Raffle tickets are now on sale for one of two custom belt buckles designed for the 2017 Pink for Peitz Rodeo. Each ticket purchased will increase your chances of winning one of the belt buckles, while the other buckle will be featured as a silent auction item at the event. Each of the two unique buckles will feature the pink breast cancer ribbon and the Pink for Peitz Rodeo title. The raffle tickets are available now for $5 per ticket at the Peitz Cancer Support House in Mountain Home and will also be sold at the Pink for Peitz Rodeo event. The Seventh Annual Pink for Peitz Rodeo, presented by Rand Rodeo Company and Chicks-n-Spurs Drill Team, will take place at the Saddle Club Arena in Mountain Home on August 11 and 12. The rodeo will include many popular events, such as bronc riding, calf roping, barrel racing, and more. There will also be pony rides provided by The Cowboy Church, tug of war contests, and a silent auction featuring two custom buckles and many more items.
The proceeds from the raffle ticket sales and silent auction will go toward the important work and free comprehensive support services provided to cancer patients and their families by the Peitz Cancer Support House in Mountain Home.
For more information about the annual Pink for Peitz Rodeo event, please contact Melissa Hudson (Cancer Resource Coordinator) at 870-508-1457 or pcsh@baxterregional.org, or Jay Chafin (Belt Buckle Chairman) at 870-425-9868. For more information about the Peitz Cancer Support House and the services offered, call 870-508-CARE. To register to participate in the rodeo, visit RandRodeo.com.


Saturday, July 22 – Junior Fair Queen & Fair Queen Pageants at 7 p.m.
Youth Talent Contest at 7 p.m., contestants arrive by 6:45 p.m.
Salem Civic Center is location for both
Monday, July 24 – All Creative Arts Exhibits check-in from 11 a.m. to 6 p.m.
Hickinbotham-Miller Exhibit Building
Tuesday, July 26 – Shaver Plumbing and Hardware Day at the Fair
Creative Arts Judging at 10 a.m. (Exhibit Bldg. Closed to Public until 3 p.m.)
Commercial Exhibits Check-In from 2 to 5 p.m. Civic Center (open until 8 p.m.)
Shaver Plumbing and Hardware Fair Horse Show and Horse Show Queen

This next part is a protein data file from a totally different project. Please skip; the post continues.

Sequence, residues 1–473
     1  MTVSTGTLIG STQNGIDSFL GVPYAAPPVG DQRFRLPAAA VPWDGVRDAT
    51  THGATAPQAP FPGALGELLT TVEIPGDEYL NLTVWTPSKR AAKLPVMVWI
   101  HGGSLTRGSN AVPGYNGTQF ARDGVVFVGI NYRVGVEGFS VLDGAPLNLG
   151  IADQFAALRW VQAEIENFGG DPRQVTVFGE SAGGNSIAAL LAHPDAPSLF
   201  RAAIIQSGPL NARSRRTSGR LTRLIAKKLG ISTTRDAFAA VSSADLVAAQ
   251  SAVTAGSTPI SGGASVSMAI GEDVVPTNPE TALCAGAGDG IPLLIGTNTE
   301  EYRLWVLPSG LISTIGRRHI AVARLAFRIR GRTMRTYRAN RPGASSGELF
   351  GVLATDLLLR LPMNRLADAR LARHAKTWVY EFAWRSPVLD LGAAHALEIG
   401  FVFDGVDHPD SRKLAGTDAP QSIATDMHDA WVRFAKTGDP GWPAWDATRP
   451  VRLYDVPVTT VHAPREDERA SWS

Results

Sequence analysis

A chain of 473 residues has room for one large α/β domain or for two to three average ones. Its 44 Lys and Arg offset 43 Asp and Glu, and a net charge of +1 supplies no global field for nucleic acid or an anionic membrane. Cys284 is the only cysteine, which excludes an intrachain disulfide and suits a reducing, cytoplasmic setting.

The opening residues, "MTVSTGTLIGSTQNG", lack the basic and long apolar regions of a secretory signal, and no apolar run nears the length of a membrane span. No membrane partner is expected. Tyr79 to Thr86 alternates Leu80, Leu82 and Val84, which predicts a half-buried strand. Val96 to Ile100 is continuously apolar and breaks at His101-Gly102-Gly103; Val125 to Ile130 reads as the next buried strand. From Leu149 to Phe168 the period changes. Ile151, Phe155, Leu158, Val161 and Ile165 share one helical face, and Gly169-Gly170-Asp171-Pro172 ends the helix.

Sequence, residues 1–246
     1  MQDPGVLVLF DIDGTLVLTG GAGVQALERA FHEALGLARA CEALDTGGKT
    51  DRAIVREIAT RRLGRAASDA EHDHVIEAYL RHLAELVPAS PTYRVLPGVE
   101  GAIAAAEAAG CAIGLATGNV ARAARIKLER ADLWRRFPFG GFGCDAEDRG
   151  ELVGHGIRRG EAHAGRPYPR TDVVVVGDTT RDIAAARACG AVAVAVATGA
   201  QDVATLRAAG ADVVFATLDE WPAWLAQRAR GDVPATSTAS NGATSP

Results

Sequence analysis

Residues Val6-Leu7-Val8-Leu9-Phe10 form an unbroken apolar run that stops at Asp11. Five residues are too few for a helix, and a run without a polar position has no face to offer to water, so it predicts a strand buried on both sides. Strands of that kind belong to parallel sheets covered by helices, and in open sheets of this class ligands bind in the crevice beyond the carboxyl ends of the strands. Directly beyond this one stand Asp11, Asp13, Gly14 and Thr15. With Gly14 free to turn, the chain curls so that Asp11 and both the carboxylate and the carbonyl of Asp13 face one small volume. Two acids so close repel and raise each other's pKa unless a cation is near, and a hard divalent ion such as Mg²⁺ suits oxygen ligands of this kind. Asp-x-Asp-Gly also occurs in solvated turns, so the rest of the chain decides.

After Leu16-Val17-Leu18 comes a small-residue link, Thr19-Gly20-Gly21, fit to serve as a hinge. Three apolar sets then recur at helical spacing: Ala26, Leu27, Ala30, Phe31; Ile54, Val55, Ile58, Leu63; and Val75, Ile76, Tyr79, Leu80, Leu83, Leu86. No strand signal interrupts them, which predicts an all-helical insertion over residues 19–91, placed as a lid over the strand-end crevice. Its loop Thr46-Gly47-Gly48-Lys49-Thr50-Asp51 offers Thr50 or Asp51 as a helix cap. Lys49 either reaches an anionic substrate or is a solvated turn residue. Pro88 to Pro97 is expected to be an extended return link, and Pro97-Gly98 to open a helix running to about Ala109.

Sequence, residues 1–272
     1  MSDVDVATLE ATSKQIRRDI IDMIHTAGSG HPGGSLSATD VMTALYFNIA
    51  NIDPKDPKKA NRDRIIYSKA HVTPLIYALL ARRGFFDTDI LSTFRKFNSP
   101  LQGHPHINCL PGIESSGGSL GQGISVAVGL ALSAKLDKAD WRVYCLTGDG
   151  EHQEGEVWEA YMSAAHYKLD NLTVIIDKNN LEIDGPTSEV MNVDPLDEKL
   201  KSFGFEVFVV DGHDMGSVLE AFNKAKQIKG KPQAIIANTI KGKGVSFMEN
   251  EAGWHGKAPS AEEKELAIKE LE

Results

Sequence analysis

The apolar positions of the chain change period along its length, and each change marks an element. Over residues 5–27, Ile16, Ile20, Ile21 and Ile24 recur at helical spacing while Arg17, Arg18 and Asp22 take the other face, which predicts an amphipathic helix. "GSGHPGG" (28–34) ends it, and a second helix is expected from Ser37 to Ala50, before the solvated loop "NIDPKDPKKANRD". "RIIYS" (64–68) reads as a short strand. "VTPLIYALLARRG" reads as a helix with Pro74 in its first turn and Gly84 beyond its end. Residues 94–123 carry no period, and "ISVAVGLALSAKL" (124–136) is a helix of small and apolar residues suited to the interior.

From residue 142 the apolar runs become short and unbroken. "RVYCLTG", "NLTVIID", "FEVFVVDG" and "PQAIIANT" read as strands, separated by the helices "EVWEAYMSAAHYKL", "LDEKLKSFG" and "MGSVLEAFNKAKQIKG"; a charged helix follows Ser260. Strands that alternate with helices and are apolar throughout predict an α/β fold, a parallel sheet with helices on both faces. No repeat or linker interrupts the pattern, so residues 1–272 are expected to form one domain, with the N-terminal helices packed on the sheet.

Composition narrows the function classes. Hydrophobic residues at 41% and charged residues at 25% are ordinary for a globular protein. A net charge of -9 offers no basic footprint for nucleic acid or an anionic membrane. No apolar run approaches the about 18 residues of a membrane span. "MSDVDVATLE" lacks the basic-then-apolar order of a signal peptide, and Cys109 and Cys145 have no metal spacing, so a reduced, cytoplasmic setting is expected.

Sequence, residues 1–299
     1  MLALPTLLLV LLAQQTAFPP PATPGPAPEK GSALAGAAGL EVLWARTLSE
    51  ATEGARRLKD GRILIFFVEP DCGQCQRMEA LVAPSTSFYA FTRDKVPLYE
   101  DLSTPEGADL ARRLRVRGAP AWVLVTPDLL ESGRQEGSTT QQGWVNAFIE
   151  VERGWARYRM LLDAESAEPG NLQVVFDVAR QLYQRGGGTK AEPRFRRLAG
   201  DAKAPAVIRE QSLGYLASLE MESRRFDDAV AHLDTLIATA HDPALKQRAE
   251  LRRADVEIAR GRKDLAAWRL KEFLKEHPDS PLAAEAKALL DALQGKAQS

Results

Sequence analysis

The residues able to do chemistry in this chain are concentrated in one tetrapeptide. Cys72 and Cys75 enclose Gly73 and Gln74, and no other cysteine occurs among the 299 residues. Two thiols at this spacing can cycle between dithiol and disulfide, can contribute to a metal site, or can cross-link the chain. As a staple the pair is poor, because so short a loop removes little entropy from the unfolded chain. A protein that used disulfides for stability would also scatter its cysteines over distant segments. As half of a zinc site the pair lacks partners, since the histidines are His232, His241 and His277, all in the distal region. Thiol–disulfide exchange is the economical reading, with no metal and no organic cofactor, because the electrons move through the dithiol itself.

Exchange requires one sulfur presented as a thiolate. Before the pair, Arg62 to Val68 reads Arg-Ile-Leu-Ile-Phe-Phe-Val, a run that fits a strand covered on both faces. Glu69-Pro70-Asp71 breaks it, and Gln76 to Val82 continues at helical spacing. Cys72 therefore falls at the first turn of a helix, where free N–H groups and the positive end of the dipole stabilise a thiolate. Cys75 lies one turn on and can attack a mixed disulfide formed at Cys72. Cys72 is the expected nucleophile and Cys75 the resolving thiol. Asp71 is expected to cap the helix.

Contest at 6 p.m. in Clayton-Plumlee-Walling Arena
Baby Girl, Baby Boy, Tiny Tot Girl, Tiny Tot Boy & Little Miss Pageants at 7 p.m. in
the Salem Civic Center
Wednesday, July 26 – FNBC Community Bankers Day at the Fair
FNBC Veterans Day – All Veterans will be honored starting at 10:30 a.m. in
the Civic Center. Lunch for Veterans provided by FNBC
Commercial Exhibits open 10 a.m. to 8 p.m. in Civic Center
Hickinbotham-Miller Exhibit Bldg. open 12 to 7 p.m.
Beta Sigma Phi Apple Pie Baking Contest at 3 p.m.
Poultry Check-In for those whose last name starts with A-M from 3 to 5 p.m.
Poultry Check-In for those whose last name starts with N-Z from 5 to 7 p.m.
Livestock and Rabbits Check-In from 5 to 7 p.m.
Johnson Brothers Amusements on the Midway – 6 p.m.
Hall Rodeo LLC (ACA Sanctioned) – 8 p.m. Arena
Thursday, July 27 – Bank of Salem Day at the Fair
Swine Judging at 8 a.m.
Rabbit Showmanship & Judging at 10 a.m.
Sheep & Goat Judging at 11 a.m.
Poultry Showmanship & Judging at 1 p.m.
Bank of Salem/WRAAA Senior Day starting at 10 a.m. to 2 p.m.
Commercial Exhibits open 10 a.m. to 8 p.m. in Civic Center
Hickinbotham-Miller Exhibit Bldg. open 12 to 7 p.m.
Petite Miss, Junior Miss & Young Miss Pageants at 7 p.m. in Civic Center
Johnson Brothers Amusements on the Midway – 6 p.m. ARMBAND NIGHT
Hall Rodeo LLC (ACA and IPRA Sanctioned) – 8 p.m. Arena
Friday, July 28 – North Arkansas Electric Cooperative Day at the Fair
Dairy & Beef Cattle Judging at 9 a.m. at the Everett Show Arena
Kid’s Day starting at 10 a.m. at Civic Center – Kid’s lunch provided
Commercial Exhibits open 10 a.m. to 8 p.m. in Civic Center
Hickinbotham-Miller Exhibit Bldg. open 1 to 7 p.m.
Johnson Brothers Amusements on the Midway – 6 p.m. ARMBAND NIGHT
Annual Fair Truck Pull at 7 p.m. – Arena
Saturday, July 29 – Hill’s Auto Sales Day at the Fair
Commercial Exhibits open 10 a.m. to 8 p.m. in Civic Center
Hickinbotham-Miller Exhibit Bldg. open 1 to 7 p.m.
Grand Champion Photos – 1 p.m. (Creative Arts will be first
followed by Poultry and Rabbits.)
Scholarship Presentation at 4 p.m. at Arena
Junior Livestock Premium & Cookie Jar Auction at 4 p.m. at Everett Show Arena
Johnson Brothers Amusements on the Midway – 6 p.m. ARMBAND NIGHT
Hill’s Auto Sales ATV Rodeo at 6 p.m. – Arena
Gate Admission Covers All Events Except the Carnival
Admission is $6 for Teens & Adults
Admission is $4 for ages 6 to 12
Admission is Free for ages 6 and under
Parking is Free